Monday, 23 January 2012

Has Unconditional UK Foreign Aid Failed?


Rachael McCallum





ECHO funded helicopter delivering food to remote locations in South Sudan. WFP/ Ahnna Gudmunds WFP



Foreign aid is vital in improving the lives of billions people across the developing world. However, in these times of economic crisis, the strategic contribution that aid makes to poverty reduction and development is under increasing scrutiny and political debate. 

Whilst the UK gives more of its national income to international development than most other developed countries, it still lags behind several European countries which have already hit the United Nations ambitious 0.7 per cent of their spending into aid target.  

It is important to remember that overseas aid is not only targeted at long term poverty reduction, it also includes humanitarian aid which is reactionary short term aid to emergencies such as natural disasters. Post-conflict reconstruction is also considered as overseas aid, which is indicative as to why countries like Iraq and Afghanistan are some of the largest recipients of foreign aid. Additionally, debt relief also qualifies as overseas aid; with the amount of a debt Britain cancels for any country being factored into their foreign aid commitments. 

Another sector included is technical assistance, which is perhaps the most poorly defined and measured area of overseas development aid and includes money paid to consultancies.  It is believed that at least £2 million of the UK´s overseas aid budget has been given to consultancy firms since the election in May 2010 up to November 2011. This means that at a time when schools, police forces, councils and government departments are facing stringent cuts, a large chunk of money allocated to alleviate poverty in the developing world is placed into the hands of private consultancies. This is an area which needs to be more open and transparent to the UK public.  

Aid packages from the Department for International Development (DfID). Photograph: AP Guardian
What is left after removing these sectors from the total amount of foreign aid committed by the UK Government is what we could consider genuine long term development aid. Disappointing progress towards the Millennium Development Goals (MDGs) is reasoned by critics as evidence that this long term development aid is not working. However, this argument tends to correlate aid too closely with substantive development progress.  Aid is an incredibly complex instrument that involves negotiating and operating in political and economic systems far removed from our own. 

To a certain extent, we can agree that some aid is wasted on programmes with no tangible lasting results or initiatives that are not cost effective. Some aid is undoubtedly stifled by corruption in a number of developing countries. Is the answer then to tie British overseas aid to stringent conditions? To say unconditional foreign aid has failed?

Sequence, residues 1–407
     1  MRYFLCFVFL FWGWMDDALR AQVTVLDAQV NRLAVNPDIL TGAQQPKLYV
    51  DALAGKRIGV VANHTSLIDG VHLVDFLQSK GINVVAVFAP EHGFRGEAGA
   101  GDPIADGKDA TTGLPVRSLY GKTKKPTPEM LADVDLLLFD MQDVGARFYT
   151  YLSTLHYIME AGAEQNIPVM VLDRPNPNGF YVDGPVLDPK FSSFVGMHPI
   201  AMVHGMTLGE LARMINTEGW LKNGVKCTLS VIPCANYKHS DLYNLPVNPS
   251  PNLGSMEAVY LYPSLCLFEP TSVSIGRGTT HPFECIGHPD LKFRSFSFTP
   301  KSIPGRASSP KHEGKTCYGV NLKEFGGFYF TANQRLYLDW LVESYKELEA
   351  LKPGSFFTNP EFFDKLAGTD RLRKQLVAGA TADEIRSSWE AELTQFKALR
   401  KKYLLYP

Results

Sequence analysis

The answer is no. Of course in times of economic instability and strain, overseas aid programmes should be closely scrutinized. However, in an increasing interconnected world it is important for the UK to uphold its overseas aid commitment whilst ensuring increased transparency and the allocation of funds based on aid effectiveness as much as possible. 

There has been renewed interest of late in aid conditionally, with the Commons international Development Committee proposing that aid given by the United Kingdom to countries with a history of fraud and corruption being "conditional" on them improving their governance and human rights records. 

The international community does have a role to play in improving rights and aid donors should influence countries to pursue political freedoms and poverty reduction. But while aid conditionality seems like a good idea in practice, the UK has better, more effective instruments to pursue a human rights agenda for the developing world such as trade regulations and diplomacy. There is not a one size fits all mechanism to promote good governance and human rights, solutions should be tailored to fit the circumstances of individual countries rather than a blanket set of aid conditionality criteria.


Aid is a long term investment in both an individual country's future and our collective global future. The UK in time will see a return for its investments made now. Aid lays the foundation for long-term relationships, which will become beneficial economically when the developing countries are fully fledged consumer markets. 

It is important to emphasise that many of the issues such as climate change, poverty, and political unrest are deep seeded problems within many developing nations, for which there are no short term solutions. Is it not better to starting working towards these solutions now than down the line when they are firmly entrenched and more difficult to counteract, to be proactive rather than reactive?

No comments:

Post a comment